Environmentalists against Green Energy

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A group of wind turbines generate electricity as an electric power transmission line is visible in the foreground near Palm Springs, Calif., April 5, 2001. (Reuters)

It seems that the environmentalist movement in the U.S. believes that it’s possible to completely overhaul the electrical grid without building anything. Or at least, that’s what its actions imply.

The Wall Street Journal ran two pieces on this subject recently. The first is a news piece about New York’s plan to run a 339-mile transmission line from hydropower plants in Quebec to New York City. But the environmental permitting process has led the project to take 17 years, and possibly longer.

The story says it’s actually impressive that the project is being built at all:

Many thousand miles of new transmission line is needed to connect wind farms, solar plants and other renewable energy sources with cities that want clean power. Yet stringing high-voltage cables over long distances is fraught. The difficulty of building them risks not being able to deliver power to where it is needed and tripping up the transition from fossil fuels.

“If the U.S., and frankly the world, doesn’t focus on transmission investment and, importantly, make the permitting process more efficient, we’re not going to hit our climate goals,” said David Foley, who leads Blackstone’s energy business. “You can’t just put up a wind farm somewhere and expect the electricity to magically get to where it is used.”

But magical transmission seems to be what environmentalists expect. The Sierra Club opposed the construction of the transmission line because “importing power threatened the development of in-state renewable-energy projects and could cause environmental damage in Canada.” As John Cochrane asks on his blog, “Does mother Gaia care where carbon-free electricity is produced? Why is state-by-state protectionism, by definition more expensive, important to climate?”

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New York closed its Indian Point nuclear power plant, which supplied about a quarter of New York City’s power, and replaced it with natural gas. So, on the journey to green energy, we’re going to use power sources that emit more carbon while making it harder to transmit energy from power sources that use less carbon.

Which leads to the second Journal article, an opinion piece from Ted Nordhaus. He argues that deregulation is going to be necessary to build green energy. He tells of a renewable-energy project in Nevada opposed by environmentalists because it threatens endangered tortoises and a California nuclear power plant that was closed using a state law to protect fish eggs. Nordhaus writes:

Across the country, foundational laws established in the 1960s and 70s to protect the environment are today a major obstacle to efforts to build the infrastructure and energy systems that we need to safeguard public health and save the climate. Though the Biden administration and Democrats currently propose to spend close to a trillion dollars on low-carbon infrastructure and technology, there is little reason to believe the U.S. is capable of building any of it in a timely or cost-effective way.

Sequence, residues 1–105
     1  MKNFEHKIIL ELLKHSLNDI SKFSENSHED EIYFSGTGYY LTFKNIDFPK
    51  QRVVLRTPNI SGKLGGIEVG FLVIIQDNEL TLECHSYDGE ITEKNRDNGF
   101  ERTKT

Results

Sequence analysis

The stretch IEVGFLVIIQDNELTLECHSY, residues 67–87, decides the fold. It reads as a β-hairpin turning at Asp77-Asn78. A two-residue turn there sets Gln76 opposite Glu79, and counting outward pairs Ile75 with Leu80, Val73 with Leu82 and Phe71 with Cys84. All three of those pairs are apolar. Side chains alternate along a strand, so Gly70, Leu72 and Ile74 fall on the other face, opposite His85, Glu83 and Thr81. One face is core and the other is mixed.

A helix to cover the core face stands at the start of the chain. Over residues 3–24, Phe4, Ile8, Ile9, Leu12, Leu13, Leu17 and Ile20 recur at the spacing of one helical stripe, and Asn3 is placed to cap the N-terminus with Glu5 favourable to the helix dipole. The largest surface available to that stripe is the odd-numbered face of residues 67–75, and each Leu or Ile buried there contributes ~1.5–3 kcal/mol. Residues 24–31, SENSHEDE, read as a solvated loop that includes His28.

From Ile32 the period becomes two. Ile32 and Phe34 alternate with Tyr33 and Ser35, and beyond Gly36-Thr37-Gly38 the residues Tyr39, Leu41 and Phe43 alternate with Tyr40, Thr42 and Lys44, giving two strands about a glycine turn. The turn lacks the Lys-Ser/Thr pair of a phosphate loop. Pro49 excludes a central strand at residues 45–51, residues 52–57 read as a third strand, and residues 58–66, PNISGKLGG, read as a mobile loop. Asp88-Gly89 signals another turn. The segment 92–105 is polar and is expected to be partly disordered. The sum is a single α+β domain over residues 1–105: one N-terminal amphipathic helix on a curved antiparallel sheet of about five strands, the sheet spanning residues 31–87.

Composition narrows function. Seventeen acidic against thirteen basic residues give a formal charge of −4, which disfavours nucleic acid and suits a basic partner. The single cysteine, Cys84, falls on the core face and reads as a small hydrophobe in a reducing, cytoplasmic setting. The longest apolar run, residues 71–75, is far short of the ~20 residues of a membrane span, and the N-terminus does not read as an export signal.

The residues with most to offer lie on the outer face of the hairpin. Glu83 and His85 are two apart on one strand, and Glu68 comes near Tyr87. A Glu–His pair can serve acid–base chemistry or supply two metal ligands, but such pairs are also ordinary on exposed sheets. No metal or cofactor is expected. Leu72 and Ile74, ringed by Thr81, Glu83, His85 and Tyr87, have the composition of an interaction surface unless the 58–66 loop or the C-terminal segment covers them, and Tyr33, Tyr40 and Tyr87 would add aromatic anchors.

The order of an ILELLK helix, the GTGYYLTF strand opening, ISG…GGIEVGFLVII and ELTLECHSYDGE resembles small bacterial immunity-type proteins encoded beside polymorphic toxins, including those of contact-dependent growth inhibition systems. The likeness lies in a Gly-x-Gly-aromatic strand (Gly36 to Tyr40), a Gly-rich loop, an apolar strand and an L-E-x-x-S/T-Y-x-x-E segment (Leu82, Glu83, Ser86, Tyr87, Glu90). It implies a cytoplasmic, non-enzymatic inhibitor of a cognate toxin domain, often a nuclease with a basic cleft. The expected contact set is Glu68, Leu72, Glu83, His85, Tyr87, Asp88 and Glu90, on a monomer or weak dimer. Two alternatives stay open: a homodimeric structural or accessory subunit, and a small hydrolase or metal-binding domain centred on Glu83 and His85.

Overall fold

On the question of electricity transmission, Nordhaus writes:

To reach “net-zero” greenhouse gas emissions over the next several decades, the best current modeling suggests that the U.S. will need to triple its existing transmission infrastructure for electricity in order to carry power from wind and solar farms and other renewable sources.

Nordhaus proposes one very sensible reform that could help the situation:

To make a practical difference on the ground, Congress would also need to make federal spending on infrastructure and clean energy conditional on state-level reform of environmental review and permitting policies. Federal taxpayers should not send billions of dollars to the states every year without a reasonable expectation that the funded infrastructure will be built in a timely and cost-effective way.

This is similar to a point I have made about highway infrastructure. The funding formula in the Bridge Formula Program of the bipartisan infrastructure law takes costs of construction as a given and scales funding based on those costs. That gets the incentives exactly backward, punishing states that are efficient and rewarding states that are inefficient. Similarly, sending federal money to states with environmental laws that make construction impossible is hardly better than setting the money on fire.

We’ve seen the same dynamic at play with supply chains, where California’s environmental laws have prevented the construction of an intermodal rail yard near the Port of Long Beach for 16 years. That project would have seen environmental benefits as well, since it would have allowed trucks to be replaced with trains, which are far more fuel-efficient and emit less carbon.

It’s logically inconsistent to be pro–green energy and anti-construction. Yet that’s where the environmentalist movement seems to have landed in the U.S. It’s yet another indication of the completely incoherent energy agenda from the Left.

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